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At the heart of general practice since 1960

The, ahem, 'doctor' will see you now

Dr Tony Copperfield

Don’t panic! And of course, you won’t. Because, as Prof Stokes-Lampard correctly points out, ‘Emergency Measures’ have become the new normal in general practice – and indeed, in the entire NHS, with hospital black alerts being the default state, even in the lazy, hazy days of summer, which is why they elicit a barely stifled yawn rather than whatever it is the hospital administrators who issue them actually expect from us.

But many other things are the new normal, too. Such as the feeling of dread you experience dragging yourself out of bed every Monday morning, patients routinely bringing innumerable problems to one consultation to punish us for making them wait so long for an appointment, including one symptom which only developed between booking and actually seeing us, and men on my journey home blithely urinating in A12 laybys in full view of passing traffic, which I feel must be some kind of metaphor for the NHS which I’ve yet to work out.

All normal and, therefore, to be met not with resolve, apology or disgust, respectively, but with a shrug of the shoulders.

Which is pretty much the way the public is reacting to the unstoppable trend for having to see, at first point of contact, a health care worker other than a GP. My sense of professional pride makes me want patients to react with fear and fury. But they’re not, except in Wales, and I’m not sure they count.

There are three possible reasons for this endemic patient indifference:

1. They don’t care who they see so long as they’re seen now, and are given what they want, also now.

2. They don’t understand that the move to use advanced nurse practitioners, pharmacists et al in the front line is the result of necessity rather than design.

3. They don’t even realise that consultation they’ve just had wasn’t actually with a doctor, which I suspect is happening more than we’re prepared to admit and may even be a misunderstanding we’re happy to cultivate.

Whichever way you cut it, patients haven’t a clue what’s going on. True, that may be the old normal. But now it feels like we’re complicit, and that makes me feel even more depressed as I drive home back up the A12. Either that or it’s those autumnal golden showers.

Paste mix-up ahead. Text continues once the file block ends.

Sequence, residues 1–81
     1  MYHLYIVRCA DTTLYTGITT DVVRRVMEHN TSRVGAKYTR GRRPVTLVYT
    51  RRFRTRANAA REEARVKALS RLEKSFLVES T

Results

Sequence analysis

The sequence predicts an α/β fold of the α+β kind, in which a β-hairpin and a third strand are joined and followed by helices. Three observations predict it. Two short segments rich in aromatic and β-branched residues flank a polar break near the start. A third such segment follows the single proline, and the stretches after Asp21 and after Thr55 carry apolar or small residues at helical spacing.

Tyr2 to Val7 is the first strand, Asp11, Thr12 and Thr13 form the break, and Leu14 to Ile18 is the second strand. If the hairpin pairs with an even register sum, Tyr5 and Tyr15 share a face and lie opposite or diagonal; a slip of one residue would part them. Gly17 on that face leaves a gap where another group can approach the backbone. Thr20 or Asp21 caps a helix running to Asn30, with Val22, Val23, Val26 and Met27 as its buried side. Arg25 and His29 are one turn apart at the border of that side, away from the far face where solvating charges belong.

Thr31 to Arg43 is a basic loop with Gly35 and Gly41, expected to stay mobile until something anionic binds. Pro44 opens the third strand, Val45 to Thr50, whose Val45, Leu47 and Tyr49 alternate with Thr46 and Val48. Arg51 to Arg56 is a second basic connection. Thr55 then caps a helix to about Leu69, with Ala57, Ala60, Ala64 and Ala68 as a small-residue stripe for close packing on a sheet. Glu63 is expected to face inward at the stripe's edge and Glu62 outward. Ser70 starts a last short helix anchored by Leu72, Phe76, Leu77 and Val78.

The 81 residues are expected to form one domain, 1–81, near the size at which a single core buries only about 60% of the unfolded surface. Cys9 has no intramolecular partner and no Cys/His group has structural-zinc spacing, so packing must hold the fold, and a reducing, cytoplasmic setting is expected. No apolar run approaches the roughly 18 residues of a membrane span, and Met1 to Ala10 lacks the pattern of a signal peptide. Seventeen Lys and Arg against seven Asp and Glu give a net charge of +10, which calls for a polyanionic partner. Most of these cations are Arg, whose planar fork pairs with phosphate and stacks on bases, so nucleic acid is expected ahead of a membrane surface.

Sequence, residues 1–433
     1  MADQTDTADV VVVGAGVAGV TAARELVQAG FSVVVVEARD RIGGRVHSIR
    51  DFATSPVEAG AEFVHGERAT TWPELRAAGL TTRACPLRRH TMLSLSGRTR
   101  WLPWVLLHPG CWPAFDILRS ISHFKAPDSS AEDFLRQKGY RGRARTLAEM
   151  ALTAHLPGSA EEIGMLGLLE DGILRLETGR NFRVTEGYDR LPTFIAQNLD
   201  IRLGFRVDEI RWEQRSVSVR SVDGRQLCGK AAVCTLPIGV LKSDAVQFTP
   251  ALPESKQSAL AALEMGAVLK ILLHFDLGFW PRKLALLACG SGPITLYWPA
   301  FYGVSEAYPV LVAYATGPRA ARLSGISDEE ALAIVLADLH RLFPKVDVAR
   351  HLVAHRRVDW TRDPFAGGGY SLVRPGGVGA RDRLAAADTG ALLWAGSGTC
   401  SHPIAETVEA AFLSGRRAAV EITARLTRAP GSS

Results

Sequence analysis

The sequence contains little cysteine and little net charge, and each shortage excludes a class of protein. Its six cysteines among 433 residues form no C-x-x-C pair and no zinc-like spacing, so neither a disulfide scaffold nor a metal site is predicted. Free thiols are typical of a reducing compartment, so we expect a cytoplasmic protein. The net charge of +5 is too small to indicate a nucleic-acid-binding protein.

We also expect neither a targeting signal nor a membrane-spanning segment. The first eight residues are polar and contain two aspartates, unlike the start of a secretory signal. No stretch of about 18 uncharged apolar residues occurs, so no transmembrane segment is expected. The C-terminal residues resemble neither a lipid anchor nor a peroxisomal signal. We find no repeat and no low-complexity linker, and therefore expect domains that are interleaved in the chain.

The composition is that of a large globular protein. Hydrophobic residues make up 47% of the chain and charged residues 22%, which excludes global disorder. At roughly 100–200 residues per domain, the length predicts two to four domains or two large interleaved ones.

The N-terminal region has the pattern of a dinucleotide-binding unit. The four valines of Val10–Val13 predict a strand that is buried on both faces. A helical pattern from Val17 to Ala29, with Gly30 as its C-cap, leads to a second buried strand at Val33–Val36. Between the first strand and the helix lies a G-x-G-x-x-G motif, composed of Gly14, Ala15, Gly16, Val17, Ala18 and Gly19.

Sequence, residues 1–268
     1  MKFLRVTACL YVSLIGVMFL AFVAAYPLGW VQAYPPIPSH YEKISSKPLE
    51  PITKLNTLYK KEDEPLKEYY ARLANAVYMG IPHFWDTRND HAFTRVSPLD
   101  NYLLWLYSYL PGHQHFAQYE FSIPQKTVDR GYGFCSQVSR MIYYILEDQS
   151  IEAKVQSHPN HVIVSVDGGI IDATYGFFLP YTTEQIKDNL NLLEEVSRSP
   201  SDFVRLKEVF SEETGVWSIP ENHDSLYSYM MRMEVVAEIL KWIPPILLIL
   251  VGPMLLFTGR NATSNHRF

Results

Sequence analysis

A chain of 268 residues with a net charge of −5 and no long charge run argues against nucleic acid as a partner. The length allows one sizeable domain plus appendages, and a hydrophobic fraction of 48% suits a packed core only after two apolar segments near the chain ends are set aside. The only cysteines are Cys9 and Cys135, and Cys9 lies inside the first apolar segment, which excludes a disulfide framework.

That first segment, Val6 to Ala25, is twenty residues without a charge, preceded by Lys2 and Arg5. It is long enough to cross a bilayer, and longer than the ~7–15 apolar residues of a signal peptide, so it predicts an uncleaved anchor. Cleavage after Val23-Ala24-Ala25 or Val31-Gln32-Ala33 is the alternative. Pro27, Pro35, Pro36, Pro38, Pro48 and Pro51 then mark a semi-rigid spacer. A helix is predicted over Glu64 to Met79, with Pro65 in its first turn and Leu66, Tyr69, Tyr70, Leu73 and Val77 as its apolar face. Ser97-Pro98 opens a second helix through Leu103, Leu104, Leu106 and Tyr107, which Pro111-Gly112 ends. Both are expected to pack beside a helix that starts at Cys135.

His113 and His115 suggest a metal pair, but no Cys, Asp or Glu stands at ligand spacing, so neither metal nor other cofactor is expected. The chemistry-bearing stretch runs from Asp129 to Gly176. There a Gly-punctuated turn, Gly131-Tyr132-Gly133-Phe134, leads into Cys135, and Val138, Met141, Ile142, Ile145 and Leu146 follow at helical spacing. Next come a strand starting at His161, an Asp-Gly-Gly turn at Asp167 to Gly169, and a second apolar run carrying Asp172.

Dr Tony Copperfield is a jobbing GP in Essex 

 

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Readers' comments (8)

  • We all feel we're piddling in the wind these days.
    Our ANP was appointed out of GP recruitment desperation, but in truth I couldn't work without her any more. Having the extra 1st defensive line of triage protecting me from the constant barrage of patient shellfire is the only reason my trench hasn't yet surrendered. When the GP war is linevitably lost, it's nurses like these who will be left to pick up the pieces.

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  • AlanAlmond

    There’s a basic issue here which I think we (GPs) often overlook. Most people (that’s Jo public, the bulk of the mainstream media, and just about every politician other than the couple who are actually qualified GPs themselves) have not the least idea what a GP is. I’m pretty certain if you did the right surveys you’d find a majority aren’t aware GPs work as hospital Drs during training, I’d bet a significant number don’t even know GPs are fully fledged qualified Drs. They dont appreciate what they are getting so they aren’t too fussed who they see...so long as it’s NOW and they are given what the WANT. When we’ve gone it’ll all be crap but the poor buggers won’t have the least idea why. Such is the sea of ignorance in which we swim. We really have not a ice cubes hope in hell. Bring in the tea lady. She’ll do just as good...until someone takes the cuppa she gave them, gets it analysed and finds out it’s a cup of tea and not a weeks course of antibiotics as they’d kind of assumed.

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  • So true--the new normal. All colours of the alerts invented by managers are just met with yawns as we are already at the limits.

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  • AlanAlmond

    ...I have, by the way, the greatest of respect for evey ANP working in a GP role that I have met (a total of one). She was absolutely marvellous and (echoing the first poster) I feel sorry that these poor folk will indeed be left holding the baby with out the support they deserve, when the bulk of GPs are gone.

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  • 2% Think you are a genius, 2% think you are and idiot and the other 96% don't give a monkeys.

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  • I don't think they notice or care.
    OOH was replaced with an inadequate replacement all over the country. Not a murmur of protest. We could all be replaced and only we would know what had been lost. Hunt is canny, he knows this, he has calculated the political cost of allowing us expensive employees to be replaced is very low indeed. I think this article demonstrates he is right in that calculation.

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  • Of course patients will be happy to be see the Nurse instead of the GP, in the same way as they see the trainee. But on their way out they'll still be booking in with the GP so the access problem is not resolved, just postponed.

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  • Patients in Wales don't count? Is that what you meant? Please explain.

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